10 London restaurants to visit when restrictions ease

Matteo’s at Annabel’s

Douglas Blyde says: “Evoking the après ski atmosphere of the original Annabel’s Club, Matteo’s, which launched last year, is a 60-seat Italian restaurant backed up by a £1 million cellar, bottles from which are subject to notably tender mark-ups.

Overlooking the lush garden of the club, with its mechanically parting glass roof, the warmly-lit, gold-tinted dining room features the shimmering Buddha, mirror and art from the first Club at No. 44 Berkeley Square. It takes the name of the operator, Richard Caring’s young son whose portrait subtly appears between Michelangelo and Marco Polo on the opening page of a wine list, which includes likely the largest collection of Barolo in the world, starring many years of Conterno, Gaja, Scavino and Voerzio. This is regionally classified and served in bespoke glasses.

“I try to spend as much time as possible in the Langhe hills,” says Master Sommelier, Clement Robert, the head of wine for Birley Clubs and Caprice Holdings who built the collection with the assistance of sommelier, Erik Simonics (ex The Club at 10 Trinity Square).

There is also an incredibly detailed range of editions from Tuscan luminary estates such as Guado al Tasso, Ornellaia, Massetto, Solaia and, to 1968, Sassicaia.

“We sell six bottles of Sassicaia a day, which created a real issue because we couldn’t find enough on the market, although when Priscilla Incisa della Rocchetta visited us, she was so impressed that we now get it direct,” notes Robert.

As well as Italian sparklers including Annamaria Clementi (Ca’ del Bosco) and 1989 Ferrari in magnum, Matteo’s boasts huge reserves of Dom Pérignon, dating from 1959, including rose gold Methuselahs.

“I’ve true admiration for the brand which screams Annabel’s,” says Robert of the house.

Matteo’s mine host, Cristiano Pellizzari, a familiar face for 15 years at No. 44, is the masterful commander of the restaurant floor, overseeing a troupe of sommeliers in tailored jackets emblazoned with the Italian flag. Be sure to ask him to whisk the stimulating vodka, Prosecco and lemon sorbet Sgruppino cocktail at-table at the end of the meal.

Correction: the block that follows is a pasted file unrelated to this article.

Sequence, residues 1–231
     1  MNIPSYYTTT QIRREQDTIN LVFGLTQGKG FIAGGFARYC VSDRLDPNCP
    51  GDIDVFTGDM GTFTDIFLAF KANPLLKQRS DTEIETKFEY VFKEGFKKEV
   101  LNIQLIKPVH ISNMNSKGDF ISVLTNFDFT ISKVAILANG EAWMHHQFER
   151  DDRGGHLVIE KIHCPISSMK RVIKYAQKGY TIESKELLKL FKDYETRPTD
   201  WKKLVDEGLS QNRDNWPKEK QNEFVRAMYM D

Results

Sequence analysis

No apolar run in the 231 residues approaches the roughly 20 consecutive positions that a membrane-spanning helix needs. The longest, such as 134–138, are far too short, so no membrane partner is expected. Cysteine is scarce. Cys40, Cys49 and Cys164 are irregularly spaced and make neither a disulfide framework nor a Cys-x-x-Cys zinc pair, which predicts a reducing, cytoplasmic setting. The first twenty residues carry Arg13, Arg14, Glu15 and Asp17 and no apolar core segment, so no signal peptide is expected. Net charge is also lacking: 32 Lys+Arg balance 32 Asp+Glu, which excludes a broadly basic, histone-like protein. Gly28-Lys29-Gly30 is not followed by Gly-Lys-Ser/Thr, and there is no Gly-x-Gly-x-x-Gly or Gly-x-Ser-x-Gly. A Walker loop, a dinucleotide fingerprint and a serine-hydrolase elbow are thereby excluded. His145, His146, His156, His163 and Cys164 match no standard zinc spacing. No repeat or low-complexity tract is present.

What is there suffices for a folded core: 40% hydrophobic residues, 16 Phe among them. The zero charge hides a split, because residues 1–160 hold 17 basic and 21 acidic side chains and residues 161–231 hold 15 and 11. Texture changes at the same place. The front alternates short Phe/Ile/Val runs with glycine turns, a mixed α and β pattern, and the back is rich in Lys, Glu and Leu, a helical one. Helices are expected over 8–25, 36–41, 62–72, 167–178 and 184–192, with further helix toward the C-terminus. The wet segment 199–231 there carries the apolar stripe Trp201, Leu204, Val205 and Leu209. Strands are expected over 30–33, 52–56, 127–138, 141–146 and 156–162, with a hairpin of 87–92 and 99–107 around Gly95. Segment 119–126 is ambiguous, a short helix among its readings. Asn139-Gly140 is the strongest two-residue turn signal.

Incidentally, Matteo’s loos, which warranted their own launch party, are the only places within the club to permit photography, the gents feature a 500kg onyx crocodile acting as a basin.

Elsewhere in the club, Robert oversees a massively endowed list of noble names, from Screaming Eagle to magnums of châteaux, Montrose and Margaux, double magnums of Latour and Unico, imperials of Haut-Brion and Lafite, and magnums of Boërl & Kroff Champagne and Domaine Leflaive, as well as a “collection” of Romanée-Conti and Pétrus. Not all is ivory tower, however, with respectable bottles beginning at £29 for a handpicked Pinot Bianco from Slovenia (Goriška Brda) or £35 for Casa Ferreirinha from the Douro (Papa Figos). As well as wine, expect a strong spirits focus throughout the club, including some 600 bottles of Tequila to say salud with at the top floor Mexican restaurant.

Throughout the extraordinarily lavish, carefully realised, four-storey townhouse turned wonderland for well-heeled oenophiles, Robert has strived to build a sommelier team with the knowledge and ability to advise members at the highest level.

“I always had an idea it would become a wine destination,” says Robert. “We’ve finally achieved what we wanted to do and see regulars at Matteo’s drinking exceptional wines for exceptionally fair prices.””

Find out more about Matteo’s here. 

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